For a start, I am small. After a physically exuberant early childhood in which I ran and jumped and wrestled like a puppy, I discovered that I could not compete with other boys. The race was indeed with the swift, and I was not one of them.
So I grew up with the expectation that I would never do anything marvellous with my body. As a grown man of 5 foot 2 and 130 pounds, I did challenge that through hatha yoga, hill walking and cycling for periods in my 20s and 30s. But the conviction that I was a natural sloth settled deep in me. After marriage I acquired the 'married person's allowance' of an extra stone in weight and a slacker rounder girth.
For another, I am now 60. If I was ever going to be a real cyclist like my father, who had a silver cup for his achievements -- and a sore leg -- then it would have been earlier than this.
When he was the age I am now the old black bicycle on which he had taken his sons to school had long disappeared. I doubt he was ever on it after the age of about 50. Yet I remember observing that he had a natural complicity with his bicycle that I could only dream of achieving with any person or machine. He seemed able to command it to stand erect and roll forward at the slightest touch when he stepped on to the near pedal with his left foot and swung the right over the bar. This was almost like a dance step, that left foot crossing in front of his right shin and the right leg arching behind him as the centre of gravity was appropriated from the bike to be shared with the body.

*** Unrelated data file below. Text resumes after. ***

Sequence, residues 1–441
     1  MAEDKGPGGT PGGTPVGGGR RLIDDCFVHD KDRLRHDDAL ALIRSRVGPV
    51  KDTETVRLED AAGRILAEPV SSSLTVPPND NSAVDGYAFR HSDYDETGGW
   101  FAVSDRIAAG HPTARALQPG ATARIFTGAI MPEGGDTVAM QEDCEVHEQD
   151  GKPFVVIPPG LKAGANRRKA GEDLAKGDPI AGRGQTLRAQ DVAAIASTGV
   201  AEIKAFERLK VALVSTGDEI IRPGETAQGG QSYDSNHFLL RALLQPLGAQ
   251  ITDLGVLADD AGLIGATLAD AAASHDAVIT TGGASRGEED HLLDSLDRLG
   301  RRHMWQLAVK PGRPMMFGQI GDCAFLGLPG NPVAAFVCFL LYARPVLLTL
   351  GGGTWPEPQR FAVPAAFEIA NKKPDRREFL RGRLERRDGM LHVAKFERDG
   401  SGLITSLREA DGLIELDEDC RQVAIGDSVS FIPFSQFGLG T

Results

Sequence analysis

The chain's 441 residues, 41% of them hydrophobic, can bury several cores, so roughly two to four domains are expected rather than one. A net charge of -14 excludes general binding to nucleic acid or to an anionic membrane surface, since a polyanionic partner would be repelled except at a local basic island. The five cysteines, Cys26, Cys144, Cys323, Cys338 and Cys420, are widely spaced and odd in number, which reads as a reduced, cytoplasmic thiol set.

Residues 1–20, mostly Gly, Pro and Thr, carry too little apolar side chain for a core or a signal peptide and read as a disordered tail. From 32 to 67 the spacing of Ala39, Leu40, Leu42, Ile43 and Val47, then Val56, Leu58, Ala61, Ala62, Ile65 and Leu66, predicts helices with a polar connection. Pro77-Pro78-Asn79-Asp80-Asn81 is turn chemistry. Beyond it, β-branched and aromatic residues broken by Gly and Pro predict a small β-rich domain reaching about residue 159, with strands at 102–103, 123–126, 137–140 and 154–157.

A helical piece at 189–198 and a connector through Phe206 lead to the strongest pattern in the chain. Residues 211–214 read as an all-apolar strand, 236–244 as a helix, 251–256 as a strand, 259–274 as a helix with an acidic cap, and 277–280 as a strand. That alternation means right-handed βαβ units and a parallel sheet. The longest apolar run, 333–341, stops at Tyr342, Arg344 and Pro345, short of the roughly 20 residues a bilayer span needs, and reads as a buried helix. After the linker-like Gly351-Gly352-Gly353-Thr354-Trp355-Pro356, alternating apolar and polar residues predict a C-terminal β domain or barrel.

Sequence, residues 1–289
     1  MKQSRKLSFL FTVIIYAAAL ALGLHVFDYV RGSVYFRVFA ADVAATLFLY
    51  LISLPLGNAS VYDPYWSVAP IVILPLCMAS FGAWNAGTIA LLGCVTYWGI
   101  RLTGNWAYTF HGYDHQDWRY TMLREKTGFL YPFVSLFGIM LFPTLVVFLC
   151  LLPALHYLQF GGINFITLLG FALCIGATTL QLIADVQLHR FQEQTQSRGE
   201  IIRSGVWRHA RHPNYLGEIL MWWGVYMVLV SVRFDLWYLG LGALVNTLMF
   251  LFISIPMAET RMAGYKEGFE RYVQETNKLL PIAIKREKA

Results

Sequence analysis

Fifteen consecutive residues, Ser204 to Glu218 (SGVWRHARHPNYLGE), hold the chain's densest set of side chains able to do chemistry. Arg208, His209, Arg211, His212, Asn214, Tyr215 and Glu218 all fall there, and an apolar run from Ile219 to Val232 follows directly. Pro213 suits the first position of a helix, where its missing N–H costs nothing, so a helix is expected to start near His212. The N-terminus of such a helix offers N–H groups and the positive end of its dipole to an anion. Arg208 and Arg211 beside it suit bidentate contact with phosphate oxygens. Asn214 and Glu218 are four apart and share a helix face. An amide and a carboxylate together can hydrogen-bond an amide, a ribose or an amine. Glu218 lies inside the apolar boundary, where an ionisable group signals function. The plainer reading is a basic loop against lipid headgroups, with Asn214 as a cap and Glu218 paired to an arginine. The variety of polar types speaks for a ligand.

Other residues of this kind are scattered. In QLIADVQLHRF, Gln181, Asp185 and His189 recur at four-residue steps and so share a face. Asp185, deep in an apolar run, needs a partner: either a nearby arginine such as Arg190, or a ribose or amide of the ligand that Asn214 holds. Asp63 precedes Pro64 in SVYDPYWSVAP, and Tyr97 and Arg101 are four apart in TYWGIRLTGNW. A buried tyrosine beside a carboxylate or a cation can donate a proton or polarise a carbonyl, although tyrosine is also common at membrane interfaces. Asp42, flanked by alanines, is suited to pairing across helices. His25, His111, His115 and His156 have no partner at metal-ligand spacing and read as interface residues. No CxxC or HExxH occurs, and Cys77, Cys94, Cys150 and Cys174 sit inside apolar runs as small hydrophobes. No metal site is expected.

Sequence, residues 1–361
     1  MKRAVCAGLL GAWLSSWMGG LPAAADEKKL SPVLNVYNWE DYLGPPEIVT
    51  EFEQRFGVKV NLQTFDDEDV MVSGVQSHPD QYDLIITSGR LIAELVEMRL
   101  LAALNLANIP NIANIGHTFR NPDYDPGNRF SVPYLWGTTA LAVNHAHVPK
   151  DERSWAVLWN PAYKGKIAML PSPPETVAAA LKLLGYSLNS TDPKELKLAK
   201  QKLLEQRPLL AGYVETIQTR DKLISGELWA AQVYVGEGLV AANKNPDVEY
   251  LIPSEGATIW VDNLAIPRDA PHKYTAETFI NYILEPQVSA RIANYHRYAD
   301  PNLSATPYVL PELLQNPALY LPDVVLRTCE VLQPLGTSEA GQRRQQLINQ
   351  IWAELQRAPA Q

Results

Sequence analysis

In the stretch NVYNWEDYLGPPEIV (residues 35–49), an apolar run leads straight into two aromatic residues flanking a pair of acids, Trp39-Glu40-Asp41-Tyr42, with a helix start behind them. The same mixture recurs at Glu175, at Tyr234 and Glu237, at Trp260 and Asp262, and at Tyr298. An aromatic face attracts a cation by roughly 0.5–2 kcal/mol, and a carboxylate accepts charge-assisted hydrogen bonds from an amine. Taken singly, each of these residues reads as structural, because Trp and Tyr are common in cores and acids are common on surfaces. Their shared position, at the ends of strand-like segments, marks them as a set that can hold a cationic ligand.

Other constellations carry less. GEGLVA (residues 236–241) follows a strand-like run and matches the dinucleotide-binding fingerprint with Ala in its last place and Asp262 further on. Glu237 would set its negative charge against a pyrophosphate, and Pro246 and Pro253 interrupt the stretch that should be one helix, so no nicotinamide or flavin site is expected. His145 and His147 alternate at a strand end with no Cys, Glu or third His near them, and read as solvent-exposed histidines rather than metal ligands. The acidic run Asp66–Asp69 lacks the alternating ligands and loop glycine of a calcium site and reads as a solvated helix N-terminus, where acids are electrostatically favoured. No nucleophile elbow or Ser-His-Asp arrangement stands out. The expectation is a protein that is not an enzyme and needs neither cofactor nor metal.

Perhaps it was in observing this kind of movement in another that Flann O'Brien concluded that a man might merge with his bicycle, the premise of the humour in The Third Policeman.
Neither my father nor I turned into the 60-year-olds that we expected to be. He should have been cycling to the pub and home along some broken boreen, the way his uncle Dan did into his 90s.
I enter my seventh decade a little trimmer than the recent trajectory of my life anticipated.
At 59 I was diagnosed with type 2 diabetes and told that I should lose weight, by a doctor who gave this news to men my age everyday and expected none of them to do anything about it.
With the incentive of reducing my prospects of heart disease and maintaining the span of life I had set that heart on, I set myself a target of losing two stone in six months and achieved that, learning to think of peckishness after a small meal as confirmation that my body was happily consuming its own fat. I had only to pick up a bale of peat briquettes to be reminded that my normality of a year before was to be carrying this load everywhere, like leaden smudge all over my body but more densely concentrated in the abdomen.
An additional benefit of slimming was that I could now comfortably ride a bicycle again. The last time I got on one, about 10 years before, my knees, as I pedalled, pressed into my gut when I raised them, not only finding their movement restricted but also pumping vital snatched breath back out of me. Merged with a bicycle, we made a good bellows but a poor system of the locomotion.
That had now changed, so I decided to start cycling again, having discovered that my body could be restored to what it was earlier -- or at least to the shape it was -- and I wanted to see if it could be really fit again.